In the past I have not been a fan of writer / director M. Night Shyamalan's work. This is for a simple reason: I think he is bad at writing and directing.
I have many problems with his writing: his dialogue often sounds stiff and unnatural, particularly in exposition heavy scenes; his attempts to weld bigger themes onto straight forward genre premises has repeatedly created films that are neither fish nor fowl; his pacing can be very frustrating - for example, Unbreakable ends out of nowhere with an anticlimactic title card, while The Visit takes way, way too long to get started in earnest.
(Seriously: I kept screaming at the Visit "get to to the damn fireworks factory already!" It is clear from the first five minutes that we are in for a Hansel and Gretel riff - but it takes forty five minutes of palling around with the 'grandparents' before they are revealed to be escaped lunatics in disguise. Making all of that stalling even more upsetting: there are MULTIPLE scenes in the first half where a bland white kid raps badly. Instead of hurrying along to Crazytown like it should that movie keeps stopping so a SHITTY TWEEN CAN SPIT SOME VERSES. Jesus, that movie can go fuck itself so hard.)
(But I digress.)
As a director Shyamalan's biggest problem is that he struggles to manage his tone. The Sixth Sense should have been a tense genre thriller - but instead its first half is a funereal dirge, then late in the second act it becomes an over-the-top ghost story out of nowhere, then just as quickly it reverts back into being a glum slog (albeit one that ends in a (bullshit) happy ending.) Even if you liked both parts of that story - which obviously I don't - you should be able to admit that the scenes where a solemn middle aged ghost resolves his lingering emotional issues don't really match up tonally with the scenes where a spooktacular baby ghost interrupts her own funeral by using an improbably filmed video tape to out her killer to her loved ones.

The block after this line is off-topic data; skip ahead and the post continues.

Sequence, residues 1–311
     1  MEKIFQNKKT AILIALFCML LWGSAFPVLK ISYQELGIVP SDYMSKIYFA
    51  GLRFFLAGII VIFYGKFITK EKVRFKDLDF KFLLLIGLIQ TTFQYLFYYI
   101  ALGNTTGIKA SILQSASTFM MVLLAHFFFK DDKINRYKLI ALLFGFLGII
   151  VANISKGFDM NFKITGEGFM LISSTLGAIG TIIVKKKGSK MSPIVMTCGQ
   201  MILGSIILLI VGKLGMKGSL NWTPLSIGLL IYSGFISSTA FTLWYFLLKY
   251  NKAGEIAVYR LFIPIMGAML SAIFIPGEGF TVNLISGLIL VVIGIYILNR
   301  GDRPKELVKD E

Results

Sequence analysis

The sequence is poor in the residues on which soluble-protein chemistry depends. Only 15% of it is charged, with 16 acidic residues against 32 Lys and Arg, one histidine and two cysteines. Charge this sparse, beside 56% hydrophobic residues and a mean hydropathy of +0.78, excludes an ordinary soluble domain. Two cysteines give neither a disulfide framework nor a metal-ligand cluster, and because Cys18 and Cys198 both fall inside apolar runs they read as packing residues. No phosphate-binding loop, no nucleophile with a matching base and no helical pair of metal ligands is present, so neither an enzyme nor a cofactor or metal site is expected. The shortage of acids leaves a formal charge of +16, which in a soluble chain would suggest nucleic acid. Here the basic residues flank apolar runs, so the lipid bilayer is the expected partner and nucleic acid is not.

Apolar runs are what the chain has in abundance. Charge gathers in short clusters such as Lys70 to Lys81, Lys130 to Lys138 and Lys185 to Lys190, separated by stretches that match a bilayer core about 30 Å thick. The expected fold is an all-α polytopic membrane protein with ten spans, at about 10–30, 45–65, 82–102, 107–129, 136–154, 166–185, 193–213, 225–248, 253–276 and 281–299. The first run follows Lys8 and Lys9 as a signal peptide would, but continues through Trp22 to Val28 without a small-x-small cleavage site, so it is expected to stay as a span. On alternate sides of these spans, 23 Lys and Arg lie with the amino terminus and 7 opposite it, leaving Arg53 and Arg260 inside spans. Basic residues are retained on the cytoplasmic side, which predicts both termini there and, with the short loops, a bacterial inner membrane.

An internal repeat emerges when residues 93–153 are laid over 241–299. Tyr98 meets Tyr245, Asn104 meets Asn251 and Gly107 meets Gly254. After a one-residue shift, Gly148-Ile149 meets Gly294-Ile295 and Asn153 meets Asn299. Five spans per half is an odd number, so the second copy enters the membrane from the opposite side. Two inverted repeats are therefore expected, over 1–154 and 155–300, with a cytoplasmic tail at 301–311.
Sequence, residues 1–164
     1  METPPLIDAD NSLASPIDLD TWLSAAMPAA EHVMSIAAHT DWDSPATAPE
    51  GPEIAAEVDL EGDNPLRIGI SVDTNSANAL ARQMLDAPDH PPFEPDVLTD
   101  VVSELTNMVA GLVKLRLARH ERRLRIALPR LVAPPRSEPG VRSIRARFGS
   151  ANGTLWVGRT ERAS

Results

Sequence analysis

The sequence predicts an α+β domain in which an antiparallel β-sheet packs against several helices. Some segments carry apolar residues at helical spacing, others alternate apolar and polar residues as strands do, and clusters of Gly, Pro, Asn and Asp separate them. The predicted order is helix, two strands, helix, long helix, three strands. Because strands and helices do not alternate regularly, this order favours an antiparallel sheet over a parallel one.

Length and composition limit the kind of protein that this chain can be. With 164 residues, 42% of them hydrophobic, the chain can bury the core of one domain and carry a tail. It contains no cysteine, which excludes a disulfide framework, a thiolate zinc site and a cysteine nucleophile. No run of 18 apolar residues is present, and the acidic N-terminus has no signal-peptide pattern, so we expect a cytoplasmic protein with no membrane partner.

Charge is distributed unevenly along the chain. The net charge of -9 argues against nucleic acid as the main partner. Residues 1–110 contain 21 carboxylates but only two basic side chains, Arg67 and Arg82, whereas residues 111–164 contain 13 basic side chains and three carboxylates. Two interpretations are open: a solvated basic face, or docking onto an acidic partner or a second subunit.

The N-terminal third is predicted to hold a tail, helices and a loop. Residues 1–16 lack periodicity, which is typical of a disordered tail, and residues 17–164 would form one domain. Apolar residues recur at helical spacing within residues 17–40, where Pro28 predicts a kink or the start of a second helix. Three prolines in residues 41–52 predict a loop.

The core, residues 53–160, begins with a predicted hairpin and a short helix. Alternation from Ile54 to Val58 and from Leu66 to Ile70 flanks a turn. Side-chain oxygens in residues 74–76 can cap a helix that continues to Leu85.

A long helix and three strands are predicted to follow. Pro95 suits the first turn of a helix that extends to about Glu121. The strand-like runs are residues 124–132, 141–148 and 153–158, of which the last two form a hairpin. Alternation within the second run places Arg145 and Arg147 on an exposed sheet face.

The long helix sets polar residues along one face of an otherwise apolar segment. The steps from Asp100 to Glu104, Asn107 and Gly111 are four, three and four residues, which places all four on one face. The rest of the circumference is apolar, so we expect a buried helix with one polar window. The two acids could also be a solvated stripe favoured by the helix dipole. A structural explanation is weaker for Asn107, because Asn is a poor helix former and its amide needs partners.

Because I have been burned by Shyamalan so often in the past I did not go into his newest film Split with high hopes. But I had heard that it was more consistent than some of his other films, plus I like Anya Taylor-Joy (who plays one of the two lead characters) so I decided to give it a chance.
And I'm happy to report that... Shyamalan actually pulled it off this time. For the most part Split is an entertaining thriller.
Let's start with the direction: as I said above, Shyamalan has a problem with not knowing what sort of movie he's making. Here, however, he hits the ground running and (for the most part) keeps up the pace. In the first scene we meet three teenage girls at a birthday party; in the second scene they get kidnapped by a demented man who suffers from split personality disorder; and the bulk of the rest of the movie is a claustrophobic thriller about their attempts to either manipulate one of the more pleasant personalities into helping them escape or to just escape outright.
Any story about a madman who suffers from such a silly form of madness is going to be inherently pulpy... And for once Shyamalan leans into the pulp of his material. The bulk of Split takes place in a dungeon whose design was obviously inspired by Hannibal Lecter's jail cell, and James McAvoy gives a series of scenery chewing performances as Dennis and Hedwig and The Beast (etc.). The combination of such a large presence in such a small space makes the movie feel over-the-top in the best possible way.